I'm disappointed that Nintendo went ahead without it after they were the first to bring it up originally. Hopefully we'll see it gone for good with the next generation of consoles.

    Kelor on
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    InzignaInzigna Registered User regular
    edited October 2008
    Is region coding software-based or hardware-based?

    I mean, can't Microsoft just release an update to make the 360 region-free? Since it already supports selected region-free games.

    Inzigna on
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    LemmyLemmy Registered User regular
    edited October 2008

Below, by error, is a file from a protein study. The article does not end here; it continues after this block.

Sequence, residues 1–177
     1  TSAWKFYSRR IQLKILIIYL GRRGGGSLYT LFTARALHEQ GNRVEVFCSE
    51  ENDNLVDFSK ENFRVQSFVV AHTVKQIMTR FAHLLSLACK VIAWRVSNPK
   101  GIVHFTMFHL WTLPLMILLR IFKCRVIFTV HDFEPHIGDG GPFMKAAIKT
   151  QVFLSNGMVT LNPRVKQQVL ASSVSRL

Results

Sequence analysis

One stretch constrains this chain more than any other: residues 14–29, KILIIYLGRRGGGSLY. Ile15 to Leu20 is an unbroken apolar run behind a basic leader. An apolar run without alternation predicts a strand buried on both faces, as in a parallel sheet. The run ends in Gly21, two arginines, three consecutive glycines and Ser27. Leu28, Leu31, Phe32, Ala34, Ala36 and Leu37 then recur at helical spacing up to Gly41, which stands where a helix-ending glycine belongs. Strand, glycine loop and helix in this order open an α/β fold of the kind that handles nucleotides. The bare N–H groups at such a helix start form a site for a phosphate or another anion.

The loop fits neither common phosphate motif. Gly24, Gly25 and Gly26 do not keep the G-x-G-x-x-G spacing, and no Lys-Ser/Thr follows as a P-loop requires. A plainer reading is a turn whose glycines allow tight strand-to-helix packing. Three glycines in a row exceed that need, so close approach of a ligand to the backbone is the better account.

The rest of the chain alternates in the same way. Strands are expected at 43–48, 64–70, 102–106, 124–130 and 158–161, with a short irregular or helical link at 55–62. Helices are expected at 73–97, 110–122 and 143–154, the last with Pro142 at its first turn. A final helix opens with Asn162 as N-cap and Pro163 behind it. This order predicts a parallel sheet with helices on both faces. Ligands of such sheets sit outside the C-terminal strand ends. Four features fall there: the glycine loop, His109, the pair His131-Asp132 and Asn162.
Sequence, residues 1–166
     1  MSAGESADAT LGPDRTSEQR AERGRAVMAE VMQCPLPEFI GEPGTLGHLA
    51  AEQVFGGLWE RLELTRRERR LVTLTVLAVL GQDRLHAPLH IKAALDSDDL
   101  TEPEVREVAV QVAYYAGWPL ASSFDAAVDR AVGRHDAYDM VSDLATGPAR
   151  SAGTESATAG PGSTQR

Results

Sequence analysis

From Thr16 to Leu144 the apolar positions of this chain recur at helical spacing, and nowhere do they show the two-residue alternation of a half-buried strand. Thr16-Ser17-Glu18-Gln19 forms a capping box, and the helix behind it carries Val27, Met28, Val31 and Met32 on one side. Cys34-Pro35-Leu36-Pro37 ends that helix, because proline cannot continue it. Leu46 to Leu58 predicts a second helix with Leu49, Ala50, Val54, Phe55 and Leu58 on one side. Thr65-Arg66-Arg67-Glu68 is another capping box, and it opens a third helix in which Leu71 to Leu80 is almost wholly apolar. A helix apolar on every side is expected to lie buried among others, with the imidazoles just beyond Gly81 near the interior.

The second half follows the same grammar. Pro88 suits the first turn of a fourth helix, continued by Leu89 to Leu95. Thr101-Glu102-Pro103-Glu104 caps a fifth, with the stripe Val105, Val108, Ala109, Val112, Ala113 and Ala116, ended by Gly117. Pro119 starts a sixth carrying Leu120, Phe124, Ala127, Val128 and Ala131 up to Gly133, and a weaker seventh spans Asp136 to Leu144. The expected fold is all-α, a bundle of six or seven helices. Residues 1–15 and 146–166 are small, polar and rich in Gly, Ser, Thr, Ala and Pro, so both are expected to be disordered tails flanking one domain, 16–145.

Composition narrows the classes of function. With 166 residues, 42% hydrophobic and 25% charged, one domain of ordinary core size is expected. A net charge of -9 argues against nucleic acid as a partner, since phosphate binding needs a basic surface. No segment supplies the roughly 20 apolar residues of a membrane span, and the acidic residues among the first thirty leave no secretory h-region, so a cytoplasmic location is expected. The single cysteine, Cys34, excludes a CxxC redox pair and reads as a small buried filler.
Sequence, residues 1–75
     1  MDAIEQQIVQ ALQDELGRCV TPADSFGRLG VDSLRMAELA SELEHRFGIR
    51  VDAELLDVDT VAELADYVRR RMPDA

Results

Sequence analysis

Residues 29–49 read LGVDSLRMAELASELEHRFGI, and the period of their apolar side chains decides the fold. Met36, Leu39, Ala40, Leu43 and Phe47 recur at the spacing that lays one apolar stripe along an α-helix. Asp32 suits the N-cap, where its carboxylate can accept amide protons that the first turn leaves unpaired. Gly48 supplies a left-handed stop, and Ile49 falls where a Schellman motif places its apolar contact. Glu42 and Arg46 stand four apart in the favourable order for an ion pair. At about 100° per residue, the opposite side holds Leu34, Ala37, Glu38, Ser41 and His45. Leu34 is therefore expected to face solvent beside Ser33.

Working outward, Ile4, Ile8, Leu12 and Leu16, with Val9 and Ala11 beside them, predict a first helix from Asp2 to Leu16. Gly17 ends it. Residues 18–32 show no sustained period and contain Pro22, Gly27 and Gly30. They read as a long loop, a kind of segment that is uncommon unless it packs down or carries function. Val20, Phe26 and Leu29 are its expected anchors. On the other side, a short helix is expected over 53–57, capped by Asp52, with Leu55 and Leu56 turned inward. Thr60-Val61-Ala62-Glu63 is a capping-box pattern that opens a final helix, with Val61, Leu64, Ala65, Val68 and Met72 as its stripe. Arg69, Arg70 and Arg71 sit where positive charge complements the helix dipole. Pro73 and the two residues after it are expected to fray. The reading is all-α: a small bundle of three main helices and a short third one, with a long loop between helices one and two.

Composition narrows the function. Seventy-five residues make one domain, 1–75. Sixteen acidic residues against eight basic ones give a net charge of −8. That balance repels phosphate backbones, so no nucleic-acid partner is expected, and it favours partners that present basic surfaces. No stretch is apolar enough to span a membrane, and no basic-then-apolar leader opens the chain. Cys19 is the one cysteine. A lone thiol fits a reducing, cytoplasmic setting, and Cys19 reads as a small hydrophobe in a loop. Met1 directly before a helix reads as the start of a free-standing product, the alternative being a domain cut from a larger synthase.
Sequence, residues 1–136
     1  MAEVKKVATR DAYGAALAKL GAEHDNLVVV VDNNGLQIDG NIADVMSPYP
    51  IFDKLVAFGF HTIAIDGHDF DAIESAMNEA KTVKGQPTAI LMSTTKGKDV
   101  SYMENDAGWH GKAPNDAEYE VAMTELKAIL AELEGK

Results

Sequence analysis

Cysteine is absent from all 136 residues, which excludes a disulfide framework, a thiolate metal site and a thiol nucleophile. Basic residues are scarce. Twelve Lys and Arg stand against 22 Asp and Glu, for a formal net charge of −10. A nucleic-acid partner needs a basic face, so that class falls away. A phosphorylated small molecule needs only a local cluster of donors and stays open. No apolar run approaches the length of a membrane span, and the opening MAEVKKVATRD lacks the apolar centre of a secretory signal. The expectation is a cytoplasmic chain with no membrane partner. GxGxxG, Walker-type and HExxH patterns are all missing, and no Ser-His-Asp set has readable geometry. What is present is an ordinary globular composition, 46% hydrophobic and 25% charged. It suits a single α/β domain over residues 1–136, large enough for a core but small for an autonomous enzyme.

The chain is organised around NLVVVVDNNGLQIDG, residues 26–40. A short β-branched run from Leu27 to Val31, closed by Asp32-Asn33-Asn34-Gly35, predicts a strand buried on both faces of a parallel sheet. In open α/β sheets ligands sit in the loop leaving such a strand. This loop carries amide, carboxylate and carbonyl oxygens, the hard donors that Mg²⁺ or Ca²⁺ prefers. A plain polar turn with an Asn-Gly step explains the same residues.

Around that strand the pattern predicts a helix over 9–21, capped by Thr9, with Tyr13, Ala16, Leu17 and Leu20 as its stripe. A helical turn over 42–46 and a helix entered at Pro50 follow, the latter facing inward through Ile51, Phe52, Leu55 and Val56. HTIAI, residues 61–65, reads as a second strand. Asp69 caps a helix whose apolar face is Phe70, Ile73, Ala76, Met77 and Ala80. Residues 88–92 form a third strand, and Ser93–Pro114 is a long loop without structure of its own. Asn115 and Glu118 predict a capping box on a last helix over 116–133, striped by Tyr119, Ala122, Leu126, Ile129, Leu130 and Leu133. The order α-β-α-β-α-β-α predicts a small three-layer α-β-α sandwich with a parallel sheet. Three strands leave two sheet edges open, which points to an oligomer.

Kelor wrote: »
    I generally use Play-Asia for compatibility guides. They have a easy tick system that'll tell you if it will work.

    They're pretty good usually, but since they don't carry PAL games, they're not ideal.

    Unfortunately, there is nothing better than them. It usually comes down to typing '[game name] region free' into Google.

    Lemmy on
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    poshnialloposhniallo Registered User regular
    edited October 2008
    This is a good resource for importing 360 games.

    http://forum.xbox-sky.com/xbox360_regional_compatibility_guide/

    poshniallo on
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    halkunhalkun Registered User regular
    edited October 2008
    Kelor wrote: »
    I'm disappointed that Nintendo went ahead without it after they were the first to bring it up originally. Hopefully we'll see it gone for good with the next generation of consoles.